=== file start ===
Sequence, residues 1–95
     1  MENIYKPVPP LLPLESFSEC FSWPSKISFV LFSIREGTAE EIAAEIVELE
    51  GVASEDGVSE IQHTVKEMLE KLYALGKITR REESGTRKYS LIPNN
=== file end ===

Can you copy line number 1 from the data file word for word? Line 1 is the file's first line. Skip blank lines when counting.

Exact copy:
Sequence, residues 1–95